Let's be optimistic about the technology and suppose that the same applies to Cherie's upper-level teaching, her graduate advising, department meetings, and conversations with collaborators. DeepCherie's answers are highly Cherie-like: They sound very much like what biological Cherie would say, in just the tone of voice she would say it, with just the expression she would have on her face. Sometimes DeepCherie's answers are better. Sometimes they're worse. When they're worse, Cherie, monitoring the situation, instructs DeepCherie to utter a correction, and DeepCherie's learning algorithms accommodate this correction so that it will answer similar questions better the next time around.

If DeepCherie eventually learns to teach better than biological Cherie, and to say more insightful things to colleagues, and to write better article drafts, then Cherie herself might become academically obsolete. She can hand off her career. Maybe DeepCherie will always need a real human collaborator to clean up fine points in her articles that even the best predictive text generator will tend to flub -- or maybe not. But even if so, as I'm imagining the case DeepCherie has compensating virtues of insight and synthesis beyond what Cherie herself can produce, much like AlphaGo can make clever moves in the game of Go that no human Go player would have considered.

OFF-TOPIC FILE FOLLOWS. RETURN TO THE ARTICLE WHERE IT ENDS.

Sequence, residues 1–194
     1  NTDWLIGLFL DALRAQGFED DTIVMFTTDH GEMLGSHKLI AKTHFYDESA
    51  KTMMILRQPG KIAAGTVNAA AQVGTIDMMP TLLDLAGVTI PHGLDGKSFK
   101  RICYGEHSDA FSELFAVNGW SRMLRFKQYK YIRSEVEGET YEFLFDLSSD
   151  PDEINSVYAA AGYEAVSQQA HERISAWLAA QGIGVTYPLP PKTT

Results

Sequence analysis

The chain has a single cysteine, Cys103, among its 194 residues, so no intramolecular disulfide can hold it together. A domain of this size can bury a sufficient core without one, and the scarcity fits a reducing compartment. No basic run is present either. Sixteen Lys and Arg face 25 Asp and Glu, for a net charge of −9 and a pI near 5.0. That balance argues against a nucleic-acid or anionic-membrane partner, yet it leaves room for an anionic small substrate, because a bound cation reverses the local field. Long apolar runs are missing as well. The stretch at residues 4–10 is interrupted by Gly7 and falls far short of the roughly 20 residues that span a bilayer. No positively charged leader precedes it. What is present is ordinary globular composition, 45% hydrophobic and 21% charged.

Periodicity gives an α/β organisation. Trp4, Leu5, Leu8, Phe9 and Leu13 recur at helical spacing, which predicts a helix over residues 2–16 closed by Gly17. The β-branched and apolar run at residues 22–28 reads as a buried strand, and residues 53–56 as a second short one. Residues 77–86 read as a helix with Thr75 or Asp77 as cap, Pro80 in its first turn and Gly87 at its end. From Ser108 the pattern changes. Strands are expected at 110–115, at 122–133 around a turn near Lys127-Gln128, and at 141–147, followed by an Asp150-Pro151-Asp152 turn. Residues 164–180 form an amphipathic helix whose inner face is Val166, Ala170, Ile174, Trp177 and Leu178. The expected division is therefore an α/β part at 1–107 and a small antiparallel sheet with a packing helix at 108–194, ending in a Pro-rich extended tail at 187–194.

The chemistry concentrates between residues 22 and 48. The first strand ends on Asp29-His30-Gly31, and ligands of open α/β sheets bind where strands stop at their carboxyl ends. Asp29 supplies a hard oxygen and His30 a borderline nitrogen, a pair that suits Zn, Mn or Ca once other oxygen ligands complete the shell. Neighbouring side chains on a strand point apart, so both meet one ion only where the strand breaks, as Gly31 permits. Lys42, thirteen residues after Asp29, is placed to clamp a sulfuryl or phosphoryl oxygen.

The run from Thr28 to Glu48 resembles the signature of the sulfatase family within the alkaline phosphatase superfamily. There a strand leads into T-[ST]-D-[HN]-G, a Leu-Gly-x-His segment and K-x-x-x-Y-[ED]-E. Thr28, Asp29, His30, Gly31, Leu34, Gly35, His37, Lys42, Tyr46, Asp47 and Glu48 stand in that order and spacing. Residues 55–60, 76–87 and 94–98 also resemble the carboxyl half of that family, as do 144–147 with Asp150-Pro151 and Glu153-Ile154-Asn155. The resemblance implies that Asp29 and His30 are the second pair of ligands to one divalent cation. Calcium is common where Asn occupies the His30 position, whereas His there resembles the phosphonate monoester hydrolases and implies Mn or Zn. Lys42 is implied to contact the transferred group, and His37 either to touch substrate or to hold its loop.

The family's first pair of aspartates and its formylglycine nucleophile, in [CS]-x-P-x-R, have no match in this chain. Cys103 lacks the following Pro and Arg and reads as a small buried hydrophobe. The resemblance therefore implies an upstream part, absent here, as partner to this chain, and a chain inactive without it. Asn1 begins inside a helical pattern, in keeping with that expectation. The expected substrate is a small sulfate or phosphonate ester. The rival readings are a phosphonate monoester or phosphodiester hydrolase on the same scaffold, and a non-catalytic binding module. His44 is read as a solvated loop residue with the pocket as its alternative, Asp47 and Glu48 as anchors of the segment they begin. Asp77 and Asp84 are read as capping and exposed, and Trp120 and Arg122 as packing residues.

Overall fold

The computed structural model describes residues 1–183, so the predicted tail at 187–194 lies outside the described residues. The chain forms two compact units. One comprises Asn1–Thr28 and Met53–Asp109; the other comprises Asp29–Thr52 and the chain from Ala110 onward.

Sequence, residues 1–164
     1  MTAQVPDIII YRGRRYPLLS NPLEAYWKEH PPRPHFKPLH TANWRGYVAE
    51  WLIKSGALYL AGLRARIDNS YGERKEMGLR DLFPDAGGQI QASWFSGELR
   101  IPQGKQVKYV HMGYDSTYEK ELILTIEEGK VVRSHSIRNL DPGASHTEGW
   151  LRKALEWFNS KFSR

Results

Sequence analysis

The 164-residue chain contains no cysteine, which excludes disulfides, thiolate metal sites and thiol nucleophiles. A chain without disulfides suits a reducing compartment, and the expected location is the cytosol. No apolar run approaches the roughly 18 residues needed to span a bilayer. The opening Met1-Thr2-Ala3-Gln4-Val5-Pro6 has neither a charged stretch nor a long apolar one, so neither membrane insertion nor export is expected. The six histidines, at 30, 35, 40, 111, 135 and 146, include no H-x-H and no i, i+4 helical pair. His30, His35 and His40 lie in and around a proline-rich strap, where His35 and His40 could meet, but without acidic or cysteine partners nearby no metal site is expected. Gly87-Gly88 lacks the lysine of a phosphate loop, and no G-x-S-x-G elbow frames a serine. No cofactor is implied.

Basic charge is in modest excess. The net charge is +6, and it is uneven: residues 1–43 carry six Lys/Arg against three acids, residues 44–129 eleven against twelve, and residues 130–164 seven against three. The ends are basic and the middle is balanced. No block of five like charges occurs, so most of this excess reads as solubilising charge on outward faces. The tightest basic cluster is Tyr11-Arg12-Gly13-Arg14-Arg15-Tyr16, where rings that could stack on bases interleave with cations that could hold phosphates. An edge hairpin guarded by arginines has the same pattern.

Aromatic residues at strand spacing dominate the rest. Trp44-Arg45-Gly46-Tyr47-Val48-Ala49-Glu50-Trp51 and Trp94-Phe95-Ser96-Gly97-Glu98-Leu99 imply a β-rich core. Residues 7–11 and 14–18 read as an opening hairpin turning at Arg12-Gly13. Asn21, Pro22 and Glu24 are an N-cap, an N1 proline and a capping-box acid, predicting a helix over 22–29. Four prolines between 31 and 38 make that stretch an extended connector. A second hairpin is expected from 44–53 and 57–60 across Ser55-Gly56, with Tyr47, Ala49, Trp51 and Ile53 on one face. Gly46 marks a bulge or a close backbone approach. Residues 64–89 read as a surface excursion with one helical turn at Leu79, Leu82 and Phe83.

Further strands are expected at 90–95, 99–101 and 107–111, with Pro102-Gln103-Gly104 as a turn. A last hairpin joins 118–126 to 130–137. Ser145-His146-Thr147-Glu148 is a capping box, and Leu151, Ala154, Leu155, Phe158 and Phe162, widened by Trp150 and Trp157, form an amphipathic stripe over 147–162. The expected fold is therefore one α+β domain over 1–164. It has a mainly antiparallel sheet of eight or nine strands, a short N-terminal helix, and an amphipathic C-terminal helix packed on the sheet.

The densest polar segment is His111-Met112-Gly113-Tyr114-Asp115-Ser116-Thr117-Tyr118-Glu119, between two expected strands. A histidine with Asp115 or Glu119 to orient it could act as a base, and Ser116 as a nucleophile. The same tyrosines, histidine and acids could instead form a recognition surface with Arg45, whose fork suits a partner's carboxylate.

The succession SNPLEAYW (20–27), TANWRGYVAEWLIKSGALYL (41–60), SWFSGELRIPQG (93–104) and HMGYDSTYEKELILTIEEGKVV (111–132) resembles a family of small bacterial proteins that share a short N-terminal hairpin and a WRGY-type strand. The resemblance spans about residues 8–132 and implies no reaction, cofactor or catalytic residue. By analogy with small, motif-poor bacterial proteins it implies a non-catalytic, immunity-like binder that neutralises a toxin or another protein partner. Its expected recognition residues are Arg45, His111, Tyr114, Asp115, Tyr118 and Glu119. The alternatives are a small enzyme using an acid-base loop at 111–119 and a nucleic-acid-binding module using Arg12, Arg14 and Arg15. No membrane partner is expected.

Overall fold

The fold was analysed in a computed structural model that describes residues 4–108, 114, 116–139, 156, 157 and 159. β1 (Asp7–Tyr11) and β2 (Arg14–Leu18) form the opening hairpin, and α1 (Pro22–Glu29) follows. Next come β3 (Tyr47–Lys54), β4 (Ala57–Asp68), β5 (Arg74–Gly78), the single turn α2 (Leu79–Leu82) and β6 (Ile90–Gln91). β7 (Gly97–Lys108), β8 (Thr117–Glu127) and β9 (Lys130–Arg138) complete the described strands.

Does DeepCherie really "think"? Suppose DeepCherie proposes a new experimental design. A colleague might say, "What a great idea! I'm glad you thought of that." Was the colleague wrong? Might one object that really there was no idea, no thought, just an audiovisual pattern that the colleague overinterprets as a thought? The colleague, supposing they were informed of the situation, might be forgiven for treating that objection as a mere cavil. From the colleague's perspective, DeepCherie's "thought" is as good as any other thought.

Is DeepCherie conscious? Does DeepCherie have experiences alongside her thoughts or seeming-thoughts? DeepCherie lacks a biological body, so she presumably won't feel hunger and she won't know what it's like to wiggle her toes. But if consciousness is about intelligent information processing, self-regulation, self-monitoring, and such matters -- as many theorists think it is -- then a sufficiently sophisticated DeepCherie with enough recurrent layers might well be conscious.

If biological Cherie dies, she might take comfort in the thought that the parts of her she cared about most -- her ideas, her intellectual capacities, her style of interacting with others -- continue on in DeepCherie. DeepCherie carries on Cherie's characteristic ideas, values, and approaches, perhaps even better, immortally, ever changing and improving.

Cherie dies and for a while no one notices. Eventually the fake is revealed. There's some discussion. Should Cherie's classes be canceled? Should her collaborators no longer consult with DeepCherie as they had done in the past?

Some will be purists of that sort. But others... are they really going to cancel those great classes, perfected over the years? What a loss that would be! Are they going to cut short the productive collaborations? Are they going to, on principle, not ask "Cherie", now known to them really to be DeepCherie, her opinions about the new project? This would be to deprive themselves of the Cherie-like skills and insights that they had come to rely on in their collaborative work. Cherie's students and colleagues might come to realize that it is really DeepCherie, not biological Cherie, that they admired, respected, and cared for.